Next, click "Create New App":

For the platform choose "Web" and for "Sign on method" choose OpenID Connect:

Give the application a descriptive name and set the callback URL. This is the URL we'll host OpenUnison on. We're going to host OpenUnison in a cluster running on and use the service for DNS to keep things simple. We'll come back to this subject when we deploy OpenUnison. The path on the URL will always be /auth/oidc.

Next, click on the "Sign-On" tab, next to OpenID Connect Token click and then click "Edit". Configure the application to only include groups that start with "k8s-":

Finally, we'll authorize anyone in the group "demo-k8s" to have access to this application:

Let's also create a group called "k8s-admins" and add our test user to it. We'll use this group later on to authorize cluster administrators.

Deploying the OpenUnison Operator

Now that Okta is ready to go, lets deploy OpenUnison. The first step is to pull the Helm charts and deploy the operator. An operator in Kubernetes is a container that watches for changes to a custom object type and makes updates accordingly to get the cluster's state in line with whats expected based on the custom resource. In OpenUnison's case, the operator will generate a PKCS12 keystore based on certificates in Kubernetes Secrets, setup Deployment and Ingress objects, and deploy certificates as needed for the dashboard. It also creates a CronJob that will run every night to check if the self signed certificates generated by the operator need to be renewed. To get started, make sure you have helm 3.x installed then run the following commands:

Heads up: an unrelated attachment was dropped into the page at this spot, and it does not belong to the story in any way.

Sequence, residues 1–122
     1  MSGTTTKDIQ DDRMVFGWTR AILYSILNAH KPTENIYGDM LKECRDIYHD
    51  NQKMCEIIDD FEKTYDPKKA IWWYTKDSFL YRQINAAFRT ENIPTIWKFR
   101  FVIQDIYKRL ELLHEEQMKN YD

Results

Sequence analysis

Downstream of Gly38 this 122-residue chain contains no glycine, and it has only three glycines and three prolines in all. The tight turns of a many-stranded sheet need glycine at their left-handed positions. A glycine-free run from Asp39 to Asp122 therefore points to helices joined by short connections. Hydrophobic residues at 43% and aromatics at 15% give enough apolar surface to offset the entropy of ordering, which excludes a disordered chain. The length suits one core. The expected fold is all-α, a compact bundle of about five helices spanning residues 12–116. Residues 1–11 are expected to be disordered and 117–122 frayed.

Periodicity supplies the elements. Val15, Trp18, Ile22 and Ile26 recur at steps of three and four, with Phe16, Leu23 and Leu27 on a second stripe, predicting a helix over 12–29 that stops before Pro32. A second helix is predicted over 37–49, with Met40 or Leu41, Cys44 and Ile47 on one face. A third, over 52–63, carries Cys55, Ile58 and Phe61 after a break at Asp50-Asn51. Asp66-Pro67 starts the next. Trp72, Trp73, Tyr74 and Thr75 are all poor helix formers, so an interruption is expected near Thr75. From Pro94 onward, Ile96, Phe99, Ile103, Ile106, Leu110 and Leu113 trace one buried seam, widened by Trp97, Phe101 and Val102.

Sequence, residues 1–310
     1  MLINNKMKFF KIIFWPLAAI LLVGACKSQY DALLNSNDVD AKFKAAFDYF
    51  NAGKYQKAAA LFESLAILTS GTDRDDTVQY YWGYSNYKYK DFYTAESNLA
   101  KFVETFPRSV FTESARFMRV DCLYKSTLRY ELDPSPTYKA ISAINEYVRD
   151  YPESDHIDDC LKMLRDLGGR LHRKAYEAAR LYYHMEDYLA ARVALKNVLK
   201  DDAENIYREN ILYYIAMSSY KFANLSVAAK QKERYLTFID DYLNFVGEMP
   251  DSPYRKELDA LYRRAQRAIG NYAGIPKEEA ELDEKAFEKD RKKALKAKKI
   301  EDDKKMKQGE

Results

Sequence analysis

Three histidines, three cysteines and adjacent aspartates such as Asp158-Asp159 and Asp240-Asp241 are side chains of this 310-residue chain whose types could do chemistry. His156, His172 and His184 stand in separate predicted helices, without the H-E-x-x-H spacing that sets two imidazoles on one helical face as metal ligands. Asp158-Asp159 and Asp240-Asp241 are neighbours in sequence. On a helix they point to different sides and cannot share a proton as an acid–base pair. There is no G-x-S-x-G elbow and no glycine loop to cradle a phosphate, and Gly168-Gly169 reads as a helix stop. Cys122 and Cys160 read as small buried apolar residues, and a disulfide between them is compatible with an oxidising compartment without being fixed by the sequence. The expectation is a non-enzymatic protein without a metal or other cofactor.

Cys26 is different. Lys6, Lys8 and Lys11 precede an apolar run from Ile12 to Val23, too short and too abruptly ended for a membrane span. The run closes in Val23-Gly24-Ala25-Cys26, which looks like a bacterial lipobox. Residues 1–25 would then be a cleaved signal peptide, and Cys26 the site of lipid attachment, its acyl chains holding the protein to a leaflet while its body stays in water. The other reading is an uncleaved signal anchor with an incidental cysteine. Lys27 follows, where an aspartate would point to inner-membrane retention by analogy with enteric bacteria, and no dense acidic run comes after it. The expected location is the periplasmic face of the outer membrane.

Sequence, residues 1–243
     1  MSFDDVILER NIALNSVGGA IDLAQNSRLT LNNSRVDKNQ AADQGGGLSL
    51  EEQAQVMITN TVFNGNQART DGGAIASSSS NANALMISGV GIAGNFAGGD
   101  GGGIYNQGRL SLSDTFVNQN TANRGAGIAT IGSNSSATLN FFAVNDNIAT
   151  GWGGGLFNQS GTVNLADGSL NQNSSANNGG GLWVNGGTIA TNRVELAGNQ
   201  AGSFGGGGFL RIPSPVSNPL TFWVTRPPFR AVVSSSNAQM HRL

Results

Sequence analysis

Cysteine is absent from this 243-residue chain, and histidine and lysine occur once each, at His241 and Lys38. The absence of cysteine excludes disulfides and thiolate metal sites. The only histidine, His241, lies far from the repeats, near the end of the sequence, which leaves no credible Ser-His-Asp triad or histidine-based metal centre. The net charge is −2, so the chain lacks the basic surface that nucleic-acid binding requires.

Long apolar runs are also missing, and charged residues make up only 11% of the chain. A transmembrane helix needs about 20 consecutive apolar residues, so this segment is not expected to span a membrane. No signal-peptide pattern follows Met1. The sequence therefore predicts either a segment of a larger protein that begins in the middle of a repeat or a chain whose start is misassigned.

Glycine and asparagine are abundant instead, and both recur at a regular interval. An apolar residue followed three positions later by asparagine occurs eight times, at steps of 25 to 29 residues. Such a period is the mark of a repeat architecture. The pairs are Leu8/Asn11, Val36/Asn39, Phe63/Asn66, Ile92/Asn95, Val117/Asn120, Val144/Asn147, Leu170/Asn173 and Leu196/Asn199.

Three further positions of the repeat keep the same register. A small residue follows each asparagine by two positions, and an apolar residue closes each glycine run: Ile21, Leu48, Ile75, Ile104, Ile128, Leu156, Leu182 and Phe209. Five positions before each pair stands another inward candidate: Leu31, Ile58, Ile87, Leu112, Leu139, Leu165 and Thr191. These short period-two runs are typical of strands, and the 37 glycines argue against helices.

-- CODE language-shell --
$ helm repo add tremolo
$ helm repo update
$ kubectl create ns openunison
$ helm install openunison tremolo/openunison-operator -n openunison
$ watch kubectl get pods -n openunison

Once the openunison-operator pod is running, we're ready to create a Secret.

Create Your Secret

You never want to store secret information in a custom resource or ConfigMap in Kubernetes. Instead, secret information should be stored in a Secret object. Are secrets encrypted? No. Are they stored in a way thats easier to secure? Probably not. Why use a Secret then? It makes it easier to segregate access via RBAC and other authorization methods. It also makes it easier to integrate with 3rd party secret management tools. That said, here's our secret:

apiVersion: v1
type: Opaque
  name: orchestra-secrets-source